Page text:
Nation & World

Prize-winning Washington Post photographer dies on assignment in Liberia

Michel du Cille, a Washington Post photographer who won three Pulitzer Prizes for his images capturing people in dire circumstances - from a natural disaster in Colombia to drugs and poverty in Miami to a prestigious military hospital dispensing unsatisfactory care in Washington - died Thursday while on assignment in Liberia. He was 58.

Du Cille suffered a heart attack and collapsed during a hike from a village where he had been covering the Ebola crisis with a reporter, The Post’s executive editor, Martin Baron, said in a note to the newsroom. He was driven to a hospital, where he was declared dead.

“We are all heartbroken,” Baron said. “We have lost a beloved colleague and one of the world’s most accomplished photographers.”

In a career that spanned more than 30 years, he joined The Miami Herald in the 1980s before moving to The Post as a picture editor in 1988. He was promoted to director of photography in 2007 but returned to the field as a full-time photojournalist in 2012, according to The Post.

He won his first Pulitzer for spot news in 1986 with Carol Guzy, also a Herald photographer, for their coverage of the eruption of Colombia’s Nevado del Ruiz volcano in 1985. He won the feature category in 1988 for a series portraying the decay and subsequent rehabilitation of a Miami housing project overrun by crack cocaine.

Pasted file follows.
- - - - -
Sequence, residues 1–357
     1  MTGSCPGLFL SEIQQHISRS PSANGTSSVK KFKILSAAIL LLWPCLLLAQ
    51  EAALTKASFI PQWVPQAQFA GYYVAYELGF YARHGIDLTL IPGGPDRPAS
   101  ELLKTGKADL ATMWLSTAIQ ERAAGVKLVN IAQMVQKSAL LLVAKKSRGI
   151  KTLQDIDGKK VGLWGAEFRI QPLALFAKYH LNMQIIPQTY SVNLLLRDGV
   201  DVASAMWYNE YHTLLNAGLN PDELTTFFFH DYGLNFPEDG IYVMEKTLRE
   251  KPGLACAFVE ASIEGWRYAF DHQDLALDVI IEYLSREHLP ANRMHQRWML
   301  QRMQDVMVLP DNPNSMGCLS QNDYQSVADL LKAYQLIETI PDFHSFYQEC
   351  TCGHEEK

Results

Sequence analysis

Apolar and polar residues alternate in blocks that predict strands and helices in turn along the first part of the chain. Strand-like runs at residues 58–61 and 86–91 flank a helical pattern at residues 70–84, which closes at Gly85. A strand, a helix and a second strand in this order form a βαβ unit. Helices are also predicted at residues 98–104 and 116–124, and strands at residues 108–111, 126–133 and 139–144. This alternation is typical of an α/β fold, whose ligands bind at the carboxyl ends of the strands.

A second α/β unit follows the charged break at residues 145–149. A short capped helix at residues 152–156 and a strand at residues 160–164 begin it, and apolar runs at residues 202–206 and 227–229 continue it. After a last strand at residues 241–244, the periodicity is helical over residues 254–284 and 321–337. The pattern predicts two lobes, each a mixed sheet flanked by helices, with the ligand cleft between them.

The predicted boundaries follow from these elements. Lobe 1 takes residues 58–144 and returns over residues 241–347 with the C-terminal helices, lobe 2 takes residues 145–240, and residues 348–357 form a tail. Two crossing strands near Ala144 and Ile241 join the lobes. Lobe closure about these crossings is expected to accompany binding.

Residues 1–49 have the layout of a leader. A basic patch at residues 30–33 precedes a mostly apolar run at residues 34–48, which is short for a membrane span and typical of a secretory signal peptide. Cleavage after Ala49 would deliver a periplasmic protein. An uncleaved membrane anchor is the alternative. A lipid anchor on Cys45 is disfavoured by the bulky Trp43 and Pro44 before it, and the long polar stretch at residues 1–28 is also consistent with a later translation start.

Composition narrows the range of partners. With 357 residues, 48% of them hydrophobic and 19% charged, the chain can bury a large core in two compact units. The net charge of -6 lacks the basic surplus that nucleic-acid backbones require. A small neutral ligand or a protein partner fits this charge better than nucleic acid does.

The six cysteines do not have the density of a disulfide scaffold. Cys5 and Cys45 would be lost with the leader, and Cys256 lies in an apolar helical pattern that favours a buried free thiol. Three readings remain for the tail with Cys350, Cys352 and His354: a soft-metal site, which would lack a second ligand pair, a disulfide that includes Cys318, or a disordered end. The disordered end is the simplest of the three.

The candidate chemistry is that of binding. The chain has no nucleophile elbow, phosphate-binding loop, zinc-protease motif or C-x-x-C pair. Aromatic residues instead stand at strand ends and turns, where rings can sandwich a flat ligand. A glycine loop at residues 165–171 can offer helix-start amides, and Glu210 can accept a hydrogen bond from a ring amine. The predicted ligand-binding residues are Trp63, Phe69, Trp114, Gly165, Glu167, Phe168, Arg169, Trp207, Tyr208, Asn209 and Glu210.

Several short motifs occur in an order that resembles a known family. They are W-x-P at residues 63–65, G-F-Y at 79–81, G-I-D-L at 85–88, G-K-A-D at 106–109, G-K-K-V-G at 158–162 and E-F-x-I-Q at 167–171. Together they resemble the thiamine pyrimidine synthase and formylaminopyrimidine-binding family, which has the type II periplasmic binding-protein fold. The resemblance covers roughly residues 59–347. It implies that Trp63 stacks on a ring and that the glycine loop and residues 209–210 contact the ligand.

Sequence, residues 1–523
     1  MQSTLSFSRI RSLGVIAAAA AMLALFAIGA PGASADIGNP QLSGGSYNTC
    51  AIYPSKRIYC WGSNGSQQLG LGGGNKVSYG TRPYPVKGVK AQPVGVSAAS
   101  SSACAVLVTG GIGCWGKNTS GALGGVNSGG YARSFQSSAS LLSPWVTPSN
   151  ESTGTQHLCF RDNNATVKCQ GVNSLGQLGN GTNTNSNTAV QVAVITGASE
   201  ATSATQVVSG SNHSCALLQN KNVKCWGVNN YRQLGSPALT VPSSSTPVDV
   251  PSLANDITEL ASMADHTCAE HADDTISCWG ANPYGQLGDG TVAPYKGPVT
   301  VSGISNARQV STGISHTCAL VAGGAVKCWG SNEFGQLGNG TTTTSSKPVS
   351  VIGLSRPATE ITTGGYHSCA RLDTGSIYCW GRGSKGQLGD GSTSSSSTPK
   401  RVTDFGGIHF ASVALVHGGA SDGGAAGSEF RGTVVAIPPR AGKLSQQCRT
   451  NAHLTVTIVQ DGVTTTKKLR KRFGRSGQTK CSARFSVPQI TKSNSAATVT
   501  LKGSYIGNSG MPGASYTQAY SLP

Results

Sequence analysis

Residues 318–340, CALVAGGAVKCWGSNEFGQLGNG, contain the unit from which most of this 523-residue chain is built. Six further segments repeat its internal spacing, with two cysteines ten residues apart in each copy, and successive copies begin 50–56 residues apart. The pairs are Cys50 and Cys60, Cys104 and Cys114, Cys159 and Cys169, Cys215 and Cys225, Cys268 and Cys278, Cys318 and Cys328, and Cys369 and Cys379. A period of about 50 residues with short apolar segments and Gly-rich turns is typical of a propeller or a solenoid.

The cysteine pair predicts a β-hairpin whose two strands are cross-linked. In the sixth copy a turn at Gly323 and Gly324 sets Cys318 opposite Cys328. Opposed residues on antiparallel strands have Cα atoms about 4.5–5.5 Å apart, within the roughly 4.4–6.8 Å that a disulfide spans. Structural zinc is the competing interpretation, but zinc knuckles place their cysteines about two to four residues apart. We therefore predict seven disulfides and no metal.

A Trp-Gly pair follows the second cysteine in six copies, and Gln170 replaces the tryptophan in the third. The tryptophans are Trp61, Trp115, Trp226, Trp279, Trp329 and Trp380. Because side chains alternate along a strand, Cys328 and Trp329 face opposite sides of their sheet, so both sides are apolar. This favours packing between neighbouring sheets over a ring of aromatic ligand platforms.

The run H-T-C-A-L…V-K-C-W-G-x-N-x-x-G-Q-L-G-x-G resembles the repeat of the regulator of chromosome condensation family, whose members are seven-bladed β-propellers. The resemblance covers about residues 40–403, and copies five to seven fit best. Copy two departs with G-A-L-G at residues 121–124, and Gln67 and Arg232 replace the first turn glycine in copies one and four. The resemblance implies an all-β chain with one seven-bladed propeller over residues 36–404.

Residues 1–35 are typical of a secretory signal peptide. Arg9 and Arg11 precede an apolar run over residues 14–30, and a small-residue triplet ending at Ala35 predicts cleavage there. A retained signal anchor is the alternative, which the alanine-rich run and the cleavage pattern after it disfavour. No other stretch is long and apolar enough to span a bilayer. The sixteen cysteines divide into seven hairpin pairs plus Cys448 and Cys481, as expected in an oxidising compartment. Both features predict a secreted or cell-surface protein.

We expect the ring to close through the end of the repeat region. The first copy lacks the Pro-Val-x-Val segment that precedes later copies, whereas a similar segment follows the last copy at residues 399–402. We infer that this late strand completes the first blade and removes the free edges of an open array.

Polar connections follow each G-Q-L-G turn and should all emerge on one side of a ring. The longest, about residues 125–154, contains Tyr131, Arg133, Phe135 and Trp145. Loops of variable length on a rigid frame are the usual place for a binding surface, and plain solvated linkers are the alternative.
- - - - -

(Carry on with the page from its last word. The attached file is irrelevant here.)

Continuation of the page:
With Post reporters Dana Priest and Anne Hull, he won a Pulitzer in 2008 for an investigative series on the poor treatment at Walter Reed Army Medical Center. The series prompted an outcry from members of Congress and veterans’ advocates and led to several investigations of the Department of Veterans Affairs’ health care system.

Du Cille was born in Jamaica in 1956. He credited his initial interest in photography to his father, who worked as a newspaper reporter in Jamaica and the United States.

“I always had an interest in journalism, and my father introduced me to the photographer at the small paper where he worked,” he told The Post. “So I just decided in my junior year of high school that this is what I wanted to do, and they gave me a job.”

He studied journalism at Indiana University. He received a master’s from Ohio University.

He is survived by his wife, Nikki Khan, a Post photographer, and two children from a previous marriage.

Recently, he had been covering Ebola patients and those who care for them. In an essay in October, he wrote that he felt compelled to cover the crisis despite the risk of becoming infected.

“He was completely devoted to the story of Ebola, and he was determined to stay on the story despite its risks,” Baron said. “That is the sort of courage and passion he displayed throughout his career.”

His travels to West Africa led Syracuse University to disinvite him in October from participating in a journalism workshop after a student expressed concern.

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